Greece's economy is catching up fast. According to figures published on Monday by the Hellenic Statistical Authority, its gross domestic product (GDP) in the first quarter of 2018 increased by 0.8 percent. This is compared to the fourth quarter of 2017, when growth reached 0.2 percent. The Greek economy has clearly gained momentum, with its progress being twice as high as the average for countries in the Eurozone. In contrast to the first quarter of 2017, GDP growth was 2.3 percent.
That's good news for Greek Prime Minister Alexis Tsipras. The latest growth figures fit into his plan of a clean bailout exit in August, when aid payments to Greece expire. The country has been flooded with international loans for more than eight years, and is expected to independently refinance itself on the capital market.
The Greek economy has now grown for the fifth quarter in a row, wiggling out of the recession that began in the fall of 2008. For the Greeks themselves, the positive trend in the economy is particularly noticeable at ATMs. The government has eased cash restriction. As a result, every citizen is now allowed to withdraw up to 5,000 Euros monthly, since the debt crisis in 2015 put a limit of 2300 Euros per month.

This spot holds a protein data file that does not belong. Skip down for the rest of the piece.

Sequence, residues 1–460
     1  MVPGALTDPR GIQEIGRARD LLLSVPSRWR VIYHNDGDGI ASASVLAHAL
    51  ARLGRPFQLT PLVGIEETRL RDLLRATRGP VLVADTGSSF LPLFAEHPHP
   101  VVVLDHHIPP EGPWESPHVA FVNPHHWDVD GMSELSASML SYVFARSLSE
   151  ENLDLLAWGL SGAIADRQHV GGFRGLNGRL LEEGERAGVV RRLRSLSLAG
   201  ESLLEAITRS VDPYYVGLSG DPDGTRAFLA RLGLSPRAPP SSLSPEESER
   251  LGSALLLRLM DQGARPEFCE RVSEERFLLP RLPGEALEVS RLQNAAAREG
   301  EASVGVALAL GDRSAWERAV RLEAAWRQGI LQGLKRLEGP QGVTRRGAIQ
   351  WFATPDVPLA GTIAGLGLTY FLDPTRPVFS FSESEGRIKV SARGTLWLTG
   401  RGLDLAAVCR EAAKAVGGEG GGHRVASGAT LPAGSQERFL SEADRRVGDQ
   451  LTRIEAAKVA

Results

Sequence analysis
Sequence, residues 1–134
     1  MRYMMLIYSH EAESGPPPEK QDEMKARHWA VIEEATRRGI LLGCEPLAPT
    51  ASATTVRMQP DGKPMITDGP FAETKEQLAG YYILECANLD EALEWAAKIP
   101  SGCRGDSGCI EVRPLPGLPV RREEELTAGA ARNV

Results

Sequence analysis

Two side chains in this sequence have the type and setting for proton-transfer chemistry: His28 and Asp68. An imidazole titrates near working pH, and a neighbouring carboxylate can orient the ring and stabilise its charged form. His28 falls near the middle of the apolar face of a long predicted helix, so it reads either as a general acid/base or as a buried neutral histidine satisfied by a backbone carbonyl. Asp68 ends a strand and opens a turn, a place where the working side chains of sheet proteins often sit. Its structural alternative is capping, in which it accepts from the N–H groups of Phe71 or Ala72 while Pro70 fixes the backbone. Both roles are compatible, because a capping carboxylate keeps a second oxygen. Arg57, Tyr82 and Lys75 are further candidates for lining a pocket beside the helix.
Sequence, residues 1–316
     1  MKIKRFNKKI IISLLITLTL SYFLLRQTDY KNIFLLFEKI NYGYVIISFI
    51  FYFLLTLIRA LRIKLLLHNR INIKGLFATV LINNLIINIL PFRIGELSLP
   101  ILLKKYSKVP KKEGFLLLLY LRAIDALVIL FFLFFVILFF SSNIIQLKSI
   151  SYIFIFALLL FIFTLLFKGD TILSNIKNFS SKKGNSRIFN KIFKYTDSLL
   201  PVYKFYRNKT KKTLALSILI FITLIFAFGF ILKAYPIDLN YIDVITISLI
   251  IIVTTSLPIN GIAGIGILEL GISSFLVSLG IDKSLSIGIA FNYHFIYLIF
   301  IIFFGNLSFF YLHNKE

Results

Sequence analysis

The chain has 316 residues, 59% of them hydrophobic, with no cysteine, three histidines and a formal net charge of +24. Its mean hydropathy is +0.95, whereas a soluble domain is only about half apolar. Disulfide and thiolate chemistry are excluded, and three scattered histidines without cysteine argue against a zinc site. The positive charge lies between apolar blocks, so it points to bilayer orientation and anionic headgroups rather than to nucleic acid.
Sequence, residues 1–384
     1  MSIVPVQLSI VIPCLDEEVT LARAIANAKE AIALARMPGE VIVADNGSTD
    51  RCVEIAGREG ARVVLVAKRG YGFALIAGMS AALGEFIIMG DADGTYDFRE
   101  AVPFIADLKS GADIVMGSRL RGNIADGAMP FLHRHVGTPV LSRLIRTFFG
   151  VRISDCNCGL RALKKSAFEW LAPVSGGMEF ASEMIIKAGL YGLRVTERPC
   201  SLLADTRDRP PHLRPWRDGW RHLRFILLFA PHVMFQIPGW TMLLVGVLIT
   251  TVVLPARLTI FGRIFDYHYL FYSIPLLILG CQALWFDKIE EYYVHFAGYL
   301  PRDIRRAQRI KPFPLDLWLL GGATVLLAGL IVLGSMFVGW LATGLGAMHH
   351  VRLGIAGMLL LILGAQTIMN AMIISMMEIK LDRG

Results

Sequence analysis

The Flip Side
However, the data released on Monday is not consistently optimistic. The unexpectedly strong increase in GDP is mainly due to exports of goods and services. They rose in the first quarter compared to the previous year by 7.6 percent. Other numbers are disappointing. For example, year-on-year private consumption fell by 0.3 percent. Observers attribute the decline to the growing tax burden and declining purchasing power of households.
Even less satisfactory than consumption was the level of investments. In the first quarter, they fell by 10.4 percent compared to the previous one. This shows that Greece's recovery needs greater analysis of depth and sustainability. The country’s biggest barriers to investment are high taxation, lack of legal certainty and corruption.